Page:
Education is also mandatory in these programs, unlike in state prisons. Ivins could likely have completed some online college courses and a vocational program. The facilities are also small (around 60 beds), and efforts are made to keep inmates close to home so family can make regular visits. In Ivins' case, he ended up 120 miles from home, at the Desoto Annex, a 1,400-bed, medium-security adult prison in Arcadia, Florida.

Charged as an adult, however, he faced a minimum of 20 years in state prison under Florida's 10-20-life law -- a sentencing scheme that became law under Gov. Jeb Bush in 1999. The law mandates minimum sentences for a wide range of felonies in which the convicted has a firearm. The rule is ten years for possession of a gun during a felony act, 20 years for firing the gun, and 25 to life for shooting a person. Ivins' case mandated 20 years.

Still, Palm Beach County Circuit Judge Robin Rosenberg could have opted to sentence Ivins as a "youthful offender" and handed Ivins a six-year sentence in a facility with other youths of similar age.

But Rosenberg, who would be confirmed by the U.S. Senate for a federal judgeship one month later, refused to use that option. Instead, she handed down the 20-year sentence and added three more for the animal cruelty conviction -- a total of 23 years.

Ivins' brother Ivenor made the trip down from Kentucky to take his mother to the sentencing hearing. "My mom cried. I just stood there. Reporters wanted to talk to my mom, but we didn't want to talk to anybody. They just made Ivins seem like a bad person. His face was literally all over the place -- on the front page, on TV. It just pissed me off."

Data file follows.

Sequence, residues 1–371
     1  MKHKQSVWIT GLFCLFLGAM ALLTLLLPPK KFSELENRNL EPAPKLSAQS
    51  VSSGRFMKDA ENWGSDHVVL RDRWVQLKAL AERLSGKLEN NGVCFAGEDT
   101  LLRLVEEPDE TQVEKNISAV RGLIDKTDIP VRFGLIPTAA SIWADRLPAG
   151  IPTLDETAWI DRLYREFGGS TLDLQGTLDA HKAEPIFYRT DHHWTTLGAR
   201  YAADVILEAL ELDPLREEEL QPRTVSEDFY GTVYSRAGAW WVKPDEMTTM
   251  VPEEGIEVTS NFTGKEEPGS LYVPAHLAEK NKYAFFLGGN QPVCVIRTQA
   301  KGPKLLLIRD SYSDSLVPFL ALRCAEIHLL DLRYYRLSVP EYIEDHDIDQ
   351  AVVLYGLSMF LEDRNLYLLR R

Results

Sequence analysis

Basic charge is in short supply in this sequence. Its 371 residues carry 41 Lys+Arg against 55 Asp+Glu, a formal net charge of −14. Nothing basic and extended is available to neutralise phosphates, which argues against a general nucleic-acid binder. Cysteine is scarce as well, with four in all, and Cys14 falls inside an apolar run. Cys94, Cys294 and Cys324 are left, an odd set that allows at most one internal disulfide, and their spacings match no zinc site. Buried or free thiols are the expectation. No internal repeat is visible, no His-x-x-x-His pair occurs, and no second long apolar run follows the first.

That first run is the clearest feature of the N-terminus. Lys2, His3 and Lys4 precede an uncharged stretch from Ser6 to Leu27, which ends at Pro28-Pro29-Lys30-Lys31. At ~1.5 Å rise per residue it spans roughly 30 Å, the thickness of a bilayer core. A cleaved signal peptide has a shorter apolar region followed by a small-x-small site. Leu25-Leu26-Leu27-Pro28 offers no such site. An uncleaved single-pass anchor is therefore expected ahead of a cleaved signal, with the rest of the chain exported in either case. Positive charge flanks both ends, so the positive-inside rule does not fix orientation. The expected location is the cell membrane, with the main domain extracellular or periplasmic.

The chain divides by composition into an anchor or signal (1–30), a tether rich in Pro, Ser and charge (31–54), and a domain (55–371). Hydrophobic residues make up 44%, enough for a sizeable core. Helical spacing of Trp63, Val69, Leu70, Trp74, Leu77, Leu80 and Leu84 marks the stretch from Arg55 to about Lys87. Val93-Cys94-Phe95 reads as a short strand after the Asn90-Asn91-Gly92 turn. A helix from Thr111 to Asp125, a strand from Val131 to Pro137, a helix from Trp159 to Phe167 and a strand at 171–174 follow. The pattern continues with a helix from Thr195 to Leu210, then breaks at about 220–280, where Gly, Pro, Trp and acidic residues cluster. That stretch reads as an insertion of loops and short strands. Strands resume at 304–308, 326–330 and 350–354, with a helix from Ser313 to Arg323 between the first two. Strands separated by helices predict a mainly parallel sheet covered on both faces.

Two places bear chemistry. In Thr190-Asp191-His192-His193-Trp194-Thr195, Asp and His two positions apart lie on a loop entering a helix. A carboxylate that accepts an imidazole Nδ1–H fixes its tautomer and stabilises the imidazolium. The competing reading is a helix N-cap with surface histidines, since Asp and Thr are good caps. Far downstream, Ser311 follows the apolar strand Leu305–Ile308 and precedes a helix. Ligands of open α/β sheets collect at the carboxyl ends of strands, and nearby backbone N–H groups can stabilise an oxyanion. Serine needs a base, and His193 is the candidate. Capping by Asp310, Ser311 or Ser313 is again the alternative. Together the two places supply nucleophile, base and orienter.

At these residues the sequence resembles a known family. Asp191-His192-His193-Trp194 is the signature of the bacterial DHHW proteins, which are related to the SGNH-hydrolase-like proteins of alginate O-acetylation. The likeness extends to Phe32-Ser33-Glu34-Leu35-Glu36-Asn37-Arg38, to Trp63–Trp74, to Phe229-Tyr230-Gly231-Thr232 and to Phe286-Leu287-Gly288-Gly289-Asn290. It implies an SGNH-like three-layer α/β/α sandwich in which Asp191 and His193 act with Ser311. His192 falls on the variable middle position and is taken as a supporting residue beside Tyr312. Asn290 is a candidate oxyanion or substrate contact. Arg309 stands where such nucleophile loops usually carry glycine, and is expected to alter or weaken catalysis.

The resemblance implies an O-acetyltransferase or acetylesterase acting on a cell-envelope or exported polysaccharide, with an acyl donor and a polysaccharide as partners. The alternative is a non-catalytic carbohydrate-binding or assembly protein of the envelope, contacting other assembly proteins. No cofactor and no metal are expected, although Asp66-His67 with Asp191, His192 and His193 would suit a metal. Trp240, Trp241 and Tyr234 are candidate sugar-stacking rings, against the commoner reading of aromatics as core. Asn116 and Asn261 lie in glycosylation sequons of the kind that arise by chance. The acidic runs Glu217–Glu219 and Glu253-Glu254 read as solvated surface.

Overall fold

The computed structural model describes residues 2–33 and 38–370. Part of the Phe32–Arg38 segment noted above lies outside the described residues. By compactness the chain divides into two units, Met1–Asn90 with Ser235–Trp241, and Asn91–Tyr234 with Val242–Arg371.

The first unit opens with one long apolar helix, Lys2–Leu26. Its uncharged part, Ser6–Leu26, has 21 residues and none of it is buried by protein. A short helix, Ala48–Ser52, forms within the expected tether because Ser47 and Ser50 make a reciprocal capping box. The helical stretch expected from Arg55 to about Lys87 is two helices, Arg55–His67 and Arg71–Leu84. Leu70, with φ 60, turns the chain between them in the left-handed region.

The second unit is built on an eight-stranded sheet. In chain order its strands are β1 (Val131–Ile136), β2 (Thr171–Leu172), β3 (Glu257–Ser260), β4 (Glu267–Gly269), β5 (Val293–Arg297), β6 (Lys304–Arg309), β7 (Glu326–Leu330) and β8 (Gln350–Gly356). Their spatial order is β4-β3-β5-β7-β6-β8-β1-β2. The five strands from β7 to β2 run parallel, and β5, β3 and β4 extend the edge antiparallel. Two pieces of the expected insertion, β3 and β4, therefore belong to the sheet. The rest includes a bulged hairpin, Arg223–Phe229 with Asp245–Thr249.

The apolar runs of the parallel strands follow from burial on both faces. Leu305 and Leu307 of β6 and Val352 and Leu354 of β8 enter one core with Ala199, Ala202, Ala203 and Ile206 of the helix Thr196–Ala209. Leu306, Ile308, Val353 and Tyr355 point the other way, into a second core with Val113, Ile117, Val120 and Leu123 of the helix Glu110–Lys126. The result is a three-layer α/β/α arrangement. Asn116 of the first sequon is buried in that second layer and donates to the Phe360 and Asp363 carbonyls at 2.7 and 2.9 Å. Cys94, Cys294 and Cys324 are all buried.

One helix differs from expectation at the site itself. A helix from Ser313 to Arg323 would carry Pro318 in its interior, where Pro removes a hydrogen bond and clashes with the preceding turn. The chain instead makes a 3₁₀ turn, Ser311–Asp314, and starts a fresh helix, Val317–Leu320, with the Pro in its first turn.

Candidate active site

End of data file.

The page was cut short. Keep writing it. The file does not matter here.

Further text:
Fleischman still advocates for his client's innocence and is working on an appeal. But even if guilty, Fleischman says, a 23-year sentence for killing a dog is incredibly unreasonable.

"If the state insists on not using the juvenile justice system we have, then why have it? They might as well get rid of it altogether," he says. "There's a reason why we have a juvenile justice system in place, and it's because throughout history, there has been an acknowledgment that kids are different than adults."

In April 2014, Human Rights Watch published a report dedicated to "direct file" titled "Branded for Life" that argued that the Sunshine State's tendency to charge kids as adults is out of control. Fourteen other states have some sort of direct-file law, but Florida uses it the most. In other states, youths are assessed by psychologists, and judges decide how they're charged.

"From 2003 to 2008, Florida transferred youth to adult court at 1.7 times the rate of Oregon, the state with the second-highest transfer rate, and 2 times the rate of Arizona, the state with the third-highest transfer rate," the report says.

"It's a very harsh tool for a problem that never existed, and it continues to be used in cases where there's no need," says Alba Morales, lead author of the report. "And here you have a mechanism that allows a single individual in the form of a prosecutor who can override [a -checks-and-balances process]. And there's no real control over how they can use it."

Florida Department of Juvenile Justice statistics show that black juveniles are direct-filed at a far greater rate than white children.

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Ray Downs
Contact: Ray Downs